Tag Archives: stigma

Years after I was called a liar, parents are still told they must be part of the problem

May 12th, 2020

When my son was eight, the psychologist called me a liar.  Upon reviewing my son’s psychological test results, Dr. W said that either he was a very sick little boy or his mother – that would be me – was lying through her teeth.  Or at least exaggerating. I was rocked back on my heels, shocked speechless, angry and hurt, well you get the picture.

My son had just been given his third psychological assessment, this time by the school.  He was in his 4th hospital stay and we were all worried. The evaluation was done in a psychiatric unit where my third grader had been inpatient for two months and counting.  He sometimes saw things that weren’t there, believed he could float if he jumped from the tippy top of a swing set and talked often about the ways he would kill himself.  Every medication trial seemed to make things worse.  So here he was, missing Halloween and Thanksgiving, while his doctors and therapists tried to figure out what to do next.

The school hired an outside evaluator.  Dr. W gave my son the usual battery of tests (this wasn’t our first go round) including an IQ test, skills tests and projectives.  He also had me fill out some information including one test where you answer the same question asked in different ways.  First, it would ask you to rate, “My child loves playing outdoors” then several questions later there would be some variation like, “Playing outdoors makes my child happy.”

This was high stakes testing for me.  I was scared for my son.  I didn’t know what the future would bring.  I was hoping the school would agree that he needed a program instead of his regular classroom with a brand spanking new teacher.  So I answered the questions carefully.  Usually I remembered what I had written just a few questions ago.  I wanted to get it right.  The psychologist noted that I consistently reported behaviors that were very frequent and intense.  Since this was unusual, he wrote in the report for the school, either my son was very sick or I was “exaggerating the child’s symptoms.” In short, I wasn’t telling the truth.

Fast forward to today and here we are in May, trying to stomp out stigma for mental health month.  This has personally been my crusade for countless Mays and the 11 months in between.  Stigma comes in many forms in the lives of families whose children have mental health problems.  Stigma actually has three parts:  lack of knowledge, negative attitudes and excluding behaviors. Our children experience the “excluding behaviors” when they aren’t included by their peers.  It’s the parties they aren’t invited to or sitting alone in class.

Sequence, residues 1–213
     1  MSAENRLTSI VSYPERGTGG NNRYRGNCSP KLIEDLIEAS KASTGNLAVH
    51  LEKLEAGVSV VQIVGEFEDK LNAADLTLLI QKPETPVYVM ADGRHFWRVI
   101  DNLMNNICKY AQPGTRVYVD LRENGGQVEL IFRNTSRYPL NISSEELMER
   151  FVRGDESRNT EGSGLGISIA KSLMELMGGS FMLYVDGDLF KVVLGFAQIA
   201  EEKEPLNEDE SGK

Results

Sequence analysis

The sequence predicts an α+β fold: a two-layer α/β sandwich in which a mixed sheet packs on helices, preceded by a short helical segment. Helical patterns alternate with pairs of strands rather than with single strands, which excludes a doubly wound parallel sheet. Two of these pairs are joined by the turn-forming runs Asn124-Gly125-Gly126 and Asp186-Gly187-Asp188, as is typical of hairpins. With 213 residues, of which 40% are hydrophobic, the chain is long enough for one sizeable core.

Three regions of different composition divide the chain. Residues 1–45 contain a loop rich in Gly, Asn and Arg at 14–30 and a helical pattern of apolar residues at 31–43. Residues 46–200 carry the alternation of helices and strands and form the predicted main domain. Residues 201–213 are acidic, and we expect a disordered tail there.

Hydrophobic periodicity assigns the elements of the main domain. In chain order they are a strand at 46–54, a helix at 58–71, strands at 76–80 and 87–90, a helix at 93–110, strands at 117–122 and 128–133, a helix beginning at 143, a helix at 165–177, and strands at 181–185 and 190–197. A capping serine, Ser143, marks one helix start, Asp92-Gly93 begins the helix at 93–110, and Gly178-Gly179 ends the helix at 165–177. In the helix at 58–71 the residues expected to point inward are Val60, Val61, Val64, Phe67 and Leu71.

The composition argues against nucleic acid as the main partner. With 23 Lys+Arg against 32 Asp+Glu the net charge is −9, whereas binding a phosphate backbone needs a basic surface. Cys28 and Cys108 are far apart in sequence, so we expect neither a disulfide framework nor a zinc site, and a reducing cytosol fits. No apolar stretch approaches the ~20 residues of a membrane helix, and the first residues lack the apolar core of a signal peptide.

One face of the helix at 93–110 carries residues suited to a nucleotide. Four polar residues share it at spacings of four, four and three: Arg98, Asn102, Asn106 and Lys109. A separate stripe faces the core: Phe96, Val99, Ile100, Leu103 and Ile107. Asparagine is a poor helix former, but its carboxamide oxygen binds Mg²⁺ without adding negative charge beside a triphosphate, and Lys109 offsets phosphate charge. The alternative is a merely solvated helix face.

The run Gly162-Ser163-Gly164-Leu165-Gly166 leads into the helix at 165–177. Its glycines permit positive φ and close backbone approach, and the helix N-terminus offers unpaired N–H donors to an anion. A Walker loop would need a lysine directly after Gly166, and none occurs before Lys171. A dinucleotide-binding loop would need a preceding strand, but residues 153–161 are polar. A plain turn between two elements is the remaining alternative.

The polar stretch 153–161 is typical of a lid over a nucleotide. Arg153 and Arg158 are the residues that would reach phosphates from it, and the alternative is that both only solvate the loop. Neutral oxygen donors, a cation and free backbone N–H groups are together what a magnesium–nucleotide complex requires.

Unlike when my son was small, there are now a great many parents who share their experiences and their heartbreak bravely and with honesty.  They are trying to combat “lack of knowledge.“ They talk about the bad school meetings, treatments that missed the mark, lost work days and high cash totals spent on items insurance declined to cover.  All that is terrible.  But it’s the stories of other people blaming parents that are the most heartrending for me.  That’s what stigma looks like.  That’s what stigma feels like.

Sometimes parents tell of children who see things that aren’t there or behave erratically like mine did.  Other children talk about wanting to die or bring up what death is like again and again. Others have outbursts that go way beyond tantrums and parents sometimes become the target of their child’s violence.  Like me, they are shocked to find themselves living this life.  Like me, they feel disbelief when they are blamed.

Tina, the mother of a teen daughter wrote, “I think if some clinicians didn’t have stigma issues, we would have been able to get my daughter diagnosed much earlier. Instead people were much more willing to believe that I was a terrible parent who was ‘causing’ my child’s outbursts and issues.”  She is not alone.  Parents are at first sure the error is with themselves.  If they had been more emotional or less, if they had explained more details or used more jargon, maybe they would have been believed.  Maybe they wouldn’t have faced “negative attitudes.”

Recently, a parent described how she recounted her son’s outbursts to a new therapist.  Her 14-year old was acting calm while she talked, even rolled his eyes a bit.  The therapist did not believe her.  She started jotting down notes of what her son screamed at her, what had happened to set him off and even how long the outbursts went on. She brought her notes in a few visits later.  She also tried different approaches to convince the therapist.  She was emotional, she was calm and once even tried being silent, only offering the notes.  It was only after she recorded a video of a particularly intense episode on her phone, with her son swearing, threatening and throwing things that the therapist sat up, focused and let her disbelief fall away.  “First, let’s figure out a safety plan,” she began.  “I have some other ideas, too.”